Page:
The only novel of its year to be nominated for both the Hugo and Nebula Awards. Starplex won Canada's Aurora Award for best novel of the year.
"Big spaceships, alien civilizations, the mysteries of the cosmos, and a story that roams through the vastness of time and space. All of the elements of a big-scale, hard science fiction adventure story are present right from the start. Starplex is the very model of a modern hard science fiction novel." — SF Site
For nearly twenty years Earth's space exploration had exploded outward, thanks to a series of mysterious, artificial wormholes. No one knows who created these interstellar passages, yet they have brought the far reaches of space immediately close. For Starplex Director Keith Lansing, too close.
Discovery is superseding understanding. And when an unknown vessel — with no windows, no seams, and no visible means of propulsion — arrives through a new wormhole, an already battle-scarred Starplex could be the starting point of a new interstellar war . . .
This special Kobo edition includes the bonus short story The Shoulders of Giants.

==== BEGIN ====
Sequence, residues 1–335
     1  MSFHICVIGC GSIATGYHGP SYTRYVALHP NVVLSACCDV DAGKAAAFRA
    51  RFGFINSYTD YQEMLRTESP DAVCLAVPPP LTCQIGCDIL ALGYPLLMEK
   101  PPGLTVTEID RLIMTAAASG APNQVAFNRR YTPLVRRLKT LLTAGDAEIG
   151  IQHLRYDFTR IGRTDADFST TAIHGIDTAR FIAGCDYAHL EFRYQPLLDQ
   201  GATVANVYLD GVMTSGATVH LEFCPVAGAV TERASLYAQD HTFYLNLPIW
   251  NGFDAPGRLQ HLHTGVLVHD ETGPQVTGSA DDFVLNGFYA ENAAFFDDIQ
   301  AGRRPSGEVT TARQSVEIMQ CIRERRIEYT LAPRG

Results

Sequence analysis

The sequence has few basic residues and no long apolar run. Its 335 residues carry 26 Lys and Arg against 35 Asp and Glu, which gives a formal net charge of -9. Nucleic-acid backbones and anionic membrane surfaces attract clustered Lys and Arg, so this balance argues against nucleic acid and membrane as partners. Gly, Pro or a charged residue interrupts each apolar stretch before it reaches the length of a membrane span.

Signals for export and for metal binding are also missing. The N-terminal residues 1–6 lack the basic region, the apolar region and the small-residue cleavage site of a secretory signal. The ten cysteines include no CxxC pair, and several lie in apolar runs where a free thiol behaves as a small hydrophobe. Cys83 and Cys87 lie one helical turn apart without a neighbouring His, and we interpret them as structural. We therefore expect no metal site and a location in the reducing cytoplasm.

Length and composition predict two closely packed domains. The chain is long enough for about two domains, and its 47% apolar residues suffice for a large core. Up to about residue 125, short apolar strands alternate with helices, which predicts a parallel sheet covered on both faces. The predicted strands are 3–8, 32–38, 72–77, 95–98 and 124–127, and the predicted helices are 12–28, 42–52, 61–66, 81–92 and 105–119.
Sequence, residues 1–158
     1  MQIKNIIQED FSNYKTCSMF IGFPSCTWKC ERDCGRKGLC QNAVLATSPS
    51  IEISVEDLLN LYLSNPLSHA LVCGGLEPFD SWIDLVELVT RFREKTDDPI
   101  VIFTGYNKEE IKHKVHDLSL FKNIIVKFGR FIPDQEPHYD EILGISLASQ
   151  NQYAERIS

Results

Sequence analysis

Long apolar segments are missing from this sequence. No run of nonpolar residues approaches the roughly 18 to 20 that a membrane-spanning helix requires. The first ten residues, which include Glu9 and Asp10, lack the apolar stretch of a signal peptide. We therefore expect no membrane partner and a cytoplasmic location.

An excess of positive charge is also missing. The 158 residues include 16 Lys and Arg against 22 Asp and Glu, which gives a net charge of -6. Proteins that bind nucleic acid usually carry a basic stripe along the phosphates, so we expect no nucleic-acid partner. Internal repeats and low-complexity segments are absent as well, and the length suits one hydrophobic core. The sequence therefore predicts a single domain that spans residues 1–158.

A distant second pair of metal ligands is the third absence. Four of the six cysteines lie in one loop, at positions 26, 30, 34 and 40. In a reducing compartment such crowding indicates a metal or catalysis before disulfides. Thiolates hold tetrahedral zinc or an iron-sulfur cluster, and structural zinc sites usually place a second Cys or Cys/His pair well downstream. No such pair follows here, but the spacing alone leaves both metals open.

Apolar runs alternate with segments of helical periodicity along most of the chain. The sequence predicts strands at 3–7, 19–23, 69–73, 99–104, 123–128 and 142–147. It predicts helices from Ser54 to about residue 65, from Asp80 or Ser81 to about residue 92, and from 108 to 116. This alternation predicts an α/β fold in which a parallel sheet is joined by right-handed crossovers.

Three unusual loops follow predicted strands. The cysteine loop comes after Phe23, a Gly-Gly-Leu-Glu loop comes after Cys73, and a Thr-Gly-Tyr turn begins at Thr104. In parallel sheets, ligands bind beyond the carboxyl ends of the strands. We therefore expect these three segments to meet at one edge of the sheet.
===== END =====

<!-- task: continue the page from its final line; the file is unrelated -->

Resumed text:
"Starplex should gladden the hearts of readers who complain that nobody's writing real science fiction anymore, the kind of story that has faster-than-light spaceships and far-off planets and interstellar combat. Here's a story with plenty of slam-bang action but no shortage of material to attract thinking readers, either. Sawyer deftly juggles half a dozen sweeping questions of cosmology (not to mention everyday ethics and morality) while keeping the story moving ahead full speed. Enjoy." — Asimov's Science Fiction
"Mind-boggling. A complaint often heard these days is that there's not enough 'sense of wonder' in today's science fiction. Starplex ought to lay that complaint to rest for quite a while." — Analog Science Fiction and Fact
“Sawyer is on a par with giants like Asimov and Heinlein — and, perhaps more than any other science fiction writer working today, he understands that it’s a genre about ideas.” — Mystery News
"Starplex appears to be traditional science fiction — it takes place aboard a spaceship, and several characters are extraterrestrial — but it's actually a rumination on several very deep questions, including: Where did we come from? Where are we going? And the deepest of the deep, Is there a God?" — The Halifax Chronicle-Herald
ROBERT J. SAWYER has won the Hugo, Nebula, John W. Campbell Memorial, Seiun, and Aurora Awards, all for best science fiction novel of the year. His novels include Hominids, Rollback, Wake, and FlashForward (basis for the TV series).